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Spotify Positioning

Nick Gatfield
Former Chairman and CEO, Sony Music, UK

Learning outcomes

  • A framing of Spotify as an advertising company versus a music subscription business

Executive Bio

Nick Gatfield

Former Chairman and CEO, Sony Music, UK

Nick is a British music industry executive with over 34 years of experience scouting, signing, and working with global artists such as Amy Winehouse. Nick started his career as a musician in the band ‘Dexys Midnight Runners’ before moving into recorded music. At the age of 26, he was made Director at EMI Records, the youngest in the company’s history. Over the next 20 years, he went on to lead global labels such as PolyGram and Island Records and has worked at three of the four major record labels. More recently, as the Former Chairman of Sony Music, he was leading negotiations with Spotify and both new and old artists in the repertoire. Nick currently runs Twin Music, an incubator for new talent, which funds and services new artists coming to market.Read more

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Interview Transcript

One view that I find pretty interesting is the framing of Spotify as an advertising company, rather than a subscription company, because that’s where most of the margin and sustainability of the business is probably going to come from.

I think you’re right. If you look at their revenue, the level of advertising revenue is fractional; it’s 10%ish of their overall business. There is a reasonable argument that when you hit scale and you really have the reach that Spotify have, across global consumers, and you really understand those consumers, then their CPM should be massively increased.

The other interesting point is the view around the fact that content is king. You mentioned earlier how the power has shifted to the distributors, yet content is, arguably, still king and that’s where the rights are, the margin is. How do you look at that paradox where there are more powers to the distributors like Spotify, yet content is still king?

I look at it purely on the basis that 50% of most major’s revenue stream is derived from Spotify. I’ve been asked, but what if they pulled the repertoire? That would be an act of huge self-harm. Spotify were pilloried by the artist community, because the level of pay away. But actually, now, I think that has turned around and I think most artists understand that this is a lifeline and the low payments from Spotify are partly driven by the royalty rates they have from their contractual relationships with record companies. You would have a huge outcry if Universal suddenly decide to pull all their records away from Spotify and it could hurt them more than it will hurt Spotify.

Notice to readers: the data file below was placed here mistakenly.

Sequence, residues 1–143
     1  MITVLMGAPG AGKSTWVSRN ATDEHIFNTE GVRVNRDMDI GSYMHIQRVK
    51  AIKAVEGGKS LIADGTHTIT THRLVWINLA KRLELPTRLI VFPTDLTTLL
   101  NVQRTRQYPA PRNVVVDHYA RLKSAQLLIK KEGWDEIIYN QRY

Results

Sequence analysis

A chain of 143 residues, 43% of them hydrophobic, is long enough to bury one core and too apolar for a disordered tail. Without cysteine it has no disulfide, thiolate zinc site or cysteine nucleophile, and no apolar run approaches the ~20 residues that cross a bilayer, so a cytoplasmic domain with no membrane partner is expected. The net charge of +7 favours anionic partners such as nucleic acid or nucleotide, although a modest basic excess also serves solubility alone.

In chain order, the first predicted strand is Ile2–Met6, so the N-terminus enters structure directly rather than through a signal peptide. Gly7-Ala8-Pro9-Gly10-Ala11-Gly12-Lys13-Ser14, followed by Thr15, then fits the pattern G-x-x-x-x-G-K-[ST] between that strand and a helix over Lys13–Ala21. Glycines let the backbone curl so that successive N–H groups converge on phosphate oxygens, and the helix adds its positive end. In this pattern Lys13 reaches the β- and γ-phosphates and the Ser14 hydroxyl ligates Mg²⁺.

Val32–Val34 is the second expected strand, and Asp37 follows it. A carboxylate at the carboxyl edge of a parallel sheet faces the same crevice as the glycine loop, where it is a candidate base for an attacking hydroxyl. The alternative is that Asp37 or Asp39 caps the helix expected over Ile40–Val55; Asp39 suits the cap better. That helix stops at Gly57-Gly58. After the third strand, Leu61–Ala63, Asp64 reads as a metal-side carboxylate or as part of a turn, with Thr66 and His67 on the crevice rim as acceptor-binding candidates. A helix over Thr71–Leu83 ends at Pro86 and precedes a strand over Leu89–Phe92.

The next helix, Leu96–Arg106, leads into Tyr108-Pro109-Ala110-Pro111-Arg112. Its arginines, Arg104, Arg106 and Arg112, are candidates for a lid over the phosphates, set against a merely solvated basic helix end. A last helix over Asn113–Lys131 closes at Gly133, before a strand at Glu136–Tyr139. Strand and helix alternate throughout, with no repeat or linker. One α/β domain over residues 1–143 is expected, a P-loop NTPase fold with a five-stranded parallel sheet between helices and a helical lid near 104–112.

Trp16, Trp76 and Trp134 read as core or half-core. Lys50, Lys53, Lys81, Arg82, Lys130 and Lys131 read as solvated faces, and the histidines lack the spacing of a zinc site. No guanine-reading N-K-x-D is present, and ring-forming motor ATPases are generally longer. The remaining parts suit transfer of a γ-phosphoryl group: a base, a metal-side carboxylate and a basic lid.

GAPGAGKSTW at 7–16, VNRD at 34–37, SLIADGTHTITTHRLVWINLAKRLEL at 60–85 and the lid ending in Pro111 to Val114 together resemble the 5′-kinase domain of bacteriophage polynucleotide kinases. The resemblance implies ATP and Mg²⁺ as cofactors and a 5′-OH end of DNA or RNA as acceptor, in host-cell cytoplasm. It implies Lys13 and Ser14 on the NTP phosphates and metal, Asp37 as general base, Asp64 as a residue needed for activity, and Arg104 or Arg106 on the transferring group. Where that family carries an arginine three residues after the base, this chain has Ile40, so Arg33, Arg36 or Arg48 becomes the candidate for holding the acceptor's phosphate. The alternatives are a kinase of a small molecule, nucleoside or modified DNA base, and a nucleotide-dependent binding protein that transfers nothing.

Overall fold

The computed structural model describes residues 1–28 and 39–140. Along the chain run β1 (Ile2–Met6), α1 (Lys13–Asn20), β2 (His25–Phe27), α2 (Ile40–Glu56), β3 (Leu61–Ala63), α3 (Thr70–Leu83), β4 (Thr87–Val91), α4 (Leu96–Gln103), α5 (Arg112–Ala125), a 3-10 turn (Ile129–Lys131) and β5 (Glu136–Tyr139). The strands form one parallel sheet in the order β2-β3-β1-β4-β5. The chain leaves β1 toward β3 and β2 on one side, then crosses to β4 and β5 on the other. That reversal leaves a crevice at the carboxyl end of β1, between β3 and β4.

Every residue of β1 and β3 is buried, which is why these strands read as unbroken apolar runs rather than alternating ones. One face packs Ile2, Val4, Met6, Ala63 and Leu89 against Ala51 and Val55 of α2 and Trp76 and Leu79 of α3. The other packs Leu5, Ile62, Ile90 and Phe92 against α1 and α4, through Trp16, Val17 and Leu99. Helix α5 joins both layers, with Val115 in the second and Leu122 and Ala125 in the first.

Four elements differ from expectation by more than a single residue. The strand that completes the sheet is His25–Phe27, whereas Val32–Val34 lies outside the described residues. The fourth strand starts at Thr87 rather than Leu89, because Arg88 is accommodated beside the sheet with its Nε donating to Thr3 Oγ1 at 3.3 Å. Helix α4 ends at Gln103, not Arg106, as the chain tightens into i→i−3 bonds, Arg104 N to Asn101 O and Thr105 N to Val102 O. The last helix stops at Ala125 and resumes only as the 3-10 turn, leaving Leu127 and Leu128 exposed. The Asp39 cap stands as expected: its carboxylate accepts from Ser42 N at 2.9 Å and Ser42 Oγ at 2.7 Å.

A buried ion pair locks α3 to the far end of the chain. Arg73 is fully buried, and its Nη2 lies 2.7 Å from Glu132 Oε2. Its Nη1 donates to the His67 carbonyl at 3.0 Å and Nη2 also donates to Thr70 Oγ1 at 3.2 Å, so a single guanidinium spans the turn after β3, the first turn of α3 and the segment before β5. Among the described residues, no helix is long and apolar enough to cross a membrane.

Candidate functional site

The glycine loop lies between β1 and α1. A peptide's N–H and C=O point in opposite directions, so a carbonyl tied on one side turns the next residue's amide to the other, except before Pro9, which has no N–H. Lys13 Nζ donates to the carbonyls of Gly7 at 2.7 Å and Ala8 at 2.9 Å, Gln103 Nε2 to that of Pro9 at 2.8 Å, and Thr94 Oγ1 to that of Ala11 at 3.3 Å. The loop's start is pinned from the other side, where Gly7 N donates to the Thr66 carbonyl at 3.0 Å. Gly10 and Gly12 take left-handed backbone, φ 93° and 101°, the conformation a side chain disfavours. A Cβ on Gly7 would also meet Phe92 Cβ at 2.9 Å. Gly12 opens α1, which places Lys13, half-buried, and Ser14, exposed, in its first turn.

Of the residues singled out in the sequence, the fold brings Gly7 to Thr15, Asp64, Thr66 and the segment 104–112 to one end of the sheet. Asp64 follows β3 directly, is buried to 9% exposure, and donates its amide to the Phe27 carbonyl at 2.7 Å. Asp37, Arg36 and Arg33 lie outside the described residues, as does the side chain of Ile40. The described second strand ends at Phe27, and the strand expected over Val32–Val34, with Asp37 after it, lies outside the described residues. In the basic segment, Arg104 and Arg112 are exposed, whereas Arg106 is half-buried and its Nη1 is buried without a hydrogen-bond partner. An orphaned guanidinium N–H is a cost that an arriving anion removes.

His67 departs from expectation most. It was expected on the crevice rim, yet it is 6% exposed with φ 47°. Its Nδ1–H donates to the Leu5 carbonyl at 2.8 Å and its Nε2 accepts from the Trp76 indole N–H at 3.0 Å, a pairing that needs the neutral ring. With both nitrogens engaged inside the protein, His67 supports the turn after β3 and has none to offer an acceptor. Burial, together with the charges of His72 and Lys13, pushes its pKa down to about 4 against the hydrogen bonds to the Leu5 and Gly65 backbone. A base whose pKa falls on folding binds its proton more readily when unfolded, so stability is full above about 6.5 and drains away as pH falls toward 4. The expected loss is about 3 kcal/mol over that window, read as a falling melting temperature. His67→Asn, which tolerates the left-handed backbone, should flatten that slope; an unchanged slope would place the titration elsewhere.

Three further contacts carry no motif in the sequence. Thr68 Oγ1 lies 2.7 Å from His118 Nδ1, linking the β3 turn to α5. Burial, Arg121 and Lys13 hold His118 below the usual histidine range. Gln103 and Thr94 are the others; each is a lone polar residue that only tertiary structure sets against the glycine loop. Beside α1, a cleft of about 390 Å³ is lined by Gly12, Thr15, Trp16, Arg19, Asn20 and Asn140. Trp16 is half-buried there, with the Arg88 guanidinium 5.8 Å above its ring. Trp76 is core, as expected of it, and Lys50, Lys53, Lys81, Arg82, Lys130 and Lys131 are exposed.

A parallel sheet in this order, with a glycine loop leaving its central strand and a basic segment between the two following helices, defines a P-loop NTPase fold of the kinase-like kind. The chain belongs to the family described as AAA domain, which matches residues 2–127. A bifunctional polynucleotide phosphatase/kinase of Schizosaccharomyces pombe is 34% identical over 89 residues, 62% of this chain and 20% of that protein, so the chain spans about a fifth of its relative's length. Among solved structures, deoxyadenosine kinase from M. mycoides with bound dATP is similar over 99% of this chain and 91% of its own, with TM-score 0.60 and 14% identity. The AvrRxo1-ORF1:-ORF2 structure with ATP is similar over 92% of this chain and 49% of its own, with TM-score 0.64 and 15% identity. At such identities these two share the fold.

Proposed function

Do you think that, eventually, Spotify will move into owning music repertoire, as they do in podcasting?

No; I think that is an anathema from their point of view. For instance, as we said earlier, there is nothing to stop Drake going direct to Spotify. It doesn’t mean they have to own his records; I don’t think they will do. They may have a conversation around artists saying, look, we’ve got all these tools for you to come in direct. We can help you access your music fans, globally. We provide this suite of marketing tools that enable you to, not only stream your music, but to also sell concert tickets and merchandise, and build that really strong connection with an audience. That’s quite a compelling argument to any artist, I think, without having to own anything.

The other thing that I think is really fundamental, as well, and where the business has changed is that the economics of major music companies is shit or bust. That means that you either hit it out of the park or you fail; there is no middle ground there. Where there is a huge part of the market now is what I’d call middle-tier artists. This is largely where Twin was fishing where you may have an artist – such as one we currently have on our books – where, arguably, there is a million dollar a year business there. It comes across from streaming, publishing, merchandise, touring etc. but it may not be financially viable for a major music company to invest in that artist because the recorded music side is just not that lucrative. For those type of artists, this type of third-party aggregator is a win/win for them. They may have a small amount of money to be able to help create the records but by and large, they retain the rights, they retain that flexibility and they can build a sustainable business, without having to knock it out of the park.

It’s that old internet adage, 1,000 true fans. But the reality is, with 5,000 global fanatics – which sounds like nothing and no major would be interested if you said we can show you 5,000 people who would get incredibly excited about this – if you are smart enough about how you monetize those 5,000, those 5,000 should be able to generate you half a million a year, in revenue. They will buy the ticket and they will buy the merchandise. That is very much the way that we look at that and that’s a very viable business.

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